I’ve been recently thinking about agile methodology and the way companies apply it. I’ve been working for the last 4 years in companies where agile is encouraged and used. We’ve been working on improving the mechanic of the process in order to make it suit our needs. I currently have the chance of being part of a team where we want to revisit our approach and see what we can do better. This is always a good sign when a company tries to improve its methodology in order to be more efficient. I’m confident we’ll succeed.
Regarding stand-ups meeting/scrums meeting/daily meetings, I think I would prefer to have them while standing up. I’ve been reading some material written by James Shore, from which I’ve taken some of the text I use in this post.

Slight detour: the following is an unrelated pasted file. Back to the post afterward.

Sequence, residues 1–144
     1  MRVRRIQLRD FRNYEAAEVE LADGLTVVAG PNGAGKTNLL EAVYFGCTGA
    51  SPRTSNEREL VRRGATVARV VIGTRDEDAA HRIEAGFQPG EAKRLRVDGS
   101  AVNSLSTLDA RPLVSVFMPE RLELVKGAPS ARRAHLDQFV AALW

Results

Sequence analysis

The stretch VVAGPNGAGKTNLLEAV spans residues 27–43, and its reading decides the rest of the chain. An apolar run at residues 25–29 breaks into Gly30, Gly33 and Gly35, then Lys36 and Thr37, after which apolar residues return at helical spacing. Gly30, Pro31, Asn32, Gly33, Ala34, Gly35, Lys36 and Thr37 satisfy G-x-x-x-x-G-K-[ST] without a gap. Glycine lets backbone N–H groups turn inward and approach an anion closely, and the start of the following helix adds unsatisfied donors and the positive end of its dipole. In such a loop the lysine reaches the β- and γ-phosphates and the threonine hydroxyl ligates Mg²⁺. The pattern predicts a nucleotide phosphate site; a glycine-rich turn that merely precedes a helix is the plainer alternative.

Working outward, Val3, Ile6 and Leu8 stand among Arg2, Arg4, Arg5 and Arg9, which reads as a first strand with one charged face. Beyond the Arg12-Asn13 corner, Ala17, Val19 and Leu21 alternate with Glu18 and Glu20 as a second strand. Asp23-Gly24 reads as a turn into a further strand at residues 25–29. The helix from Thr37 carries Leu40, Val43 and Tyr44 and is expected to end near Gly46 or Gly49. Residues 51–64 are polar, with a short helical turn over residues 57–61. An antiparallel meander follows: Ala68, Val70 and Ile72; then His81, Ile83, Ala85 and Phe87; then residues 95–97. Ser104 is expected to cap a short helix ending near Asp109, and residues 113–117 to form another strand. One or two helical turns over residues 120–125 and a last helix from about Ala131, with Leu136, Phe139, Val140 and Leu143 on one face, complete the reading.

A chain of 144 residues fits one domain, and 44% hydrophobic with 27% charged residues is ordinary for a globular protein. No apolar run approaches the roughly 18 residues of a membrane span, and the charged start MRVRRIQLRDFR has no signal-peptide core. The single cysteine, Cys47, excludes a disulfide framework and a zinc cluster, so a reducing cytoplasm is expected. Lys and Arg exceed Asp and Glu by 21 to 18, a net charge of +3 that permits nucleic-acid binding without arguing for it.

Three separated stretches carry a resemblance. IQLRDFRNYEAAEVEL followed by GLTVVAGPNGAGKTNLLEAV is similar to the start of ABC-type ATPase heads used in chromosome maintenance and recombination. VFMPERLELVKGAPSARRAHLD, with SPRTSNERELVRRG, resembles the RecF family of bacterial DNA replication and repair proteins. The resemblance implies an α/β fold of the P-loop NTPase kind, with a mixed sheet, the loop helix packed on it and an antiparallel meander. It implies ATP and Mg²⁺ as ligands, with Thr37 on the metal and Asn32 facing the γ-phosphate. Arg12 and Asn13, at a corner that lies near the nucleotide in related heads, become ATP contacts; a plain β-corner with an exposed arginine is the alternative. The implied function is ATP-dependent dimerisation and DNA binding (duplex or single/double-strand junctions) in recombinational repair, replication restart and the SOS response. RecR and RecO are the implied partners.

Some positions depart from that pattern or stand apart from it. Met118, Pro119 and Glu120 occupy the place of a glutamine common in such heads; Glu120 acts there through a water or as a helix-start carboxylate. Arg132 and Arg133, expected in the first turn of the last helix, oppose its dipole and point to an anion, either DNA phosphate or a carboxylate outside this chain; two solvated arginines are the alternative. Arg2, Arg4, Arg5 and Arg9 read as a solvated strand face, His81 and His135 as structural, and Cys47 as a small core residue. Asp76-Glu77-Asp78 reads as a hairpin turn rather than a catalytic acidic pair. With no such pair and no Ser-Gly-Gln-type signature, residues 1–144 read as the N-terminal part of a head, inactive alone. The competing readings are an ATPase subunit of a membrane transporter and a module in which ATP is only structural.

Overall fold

In our daily meeting, here’s the 3 questions we answer:
1- What did I do yesterday?
2- What will I do today?
3- What problems are preventing me from making progress?
The purpose of a stand-up meeting is to give everybody a rough idea of where the team is. It’s not to give a complete inventory of everything happening in the project. The primary virtue of the stand-up meeting is brevity. That’s why we stand: our tired feet remind us to keep the meeting short.
Each person usually only needs to say a few sentences about her status. Thirty seconds per person is usually enough.
Brevity is a tough art to master. To practice, try writing your statement on an index card in advance, then read from the card during the stand-up.
If you’re tactful, you can also interrupt extended reports or conversations and ask that people hold the discussion in a smaller group after the stand-up.
James Shore is a thought leader in the Agile software development community. He combines deep technical expertise with whole-system thinking to help development teams worldwide achieve high throughput, market focus, productivity, and quality.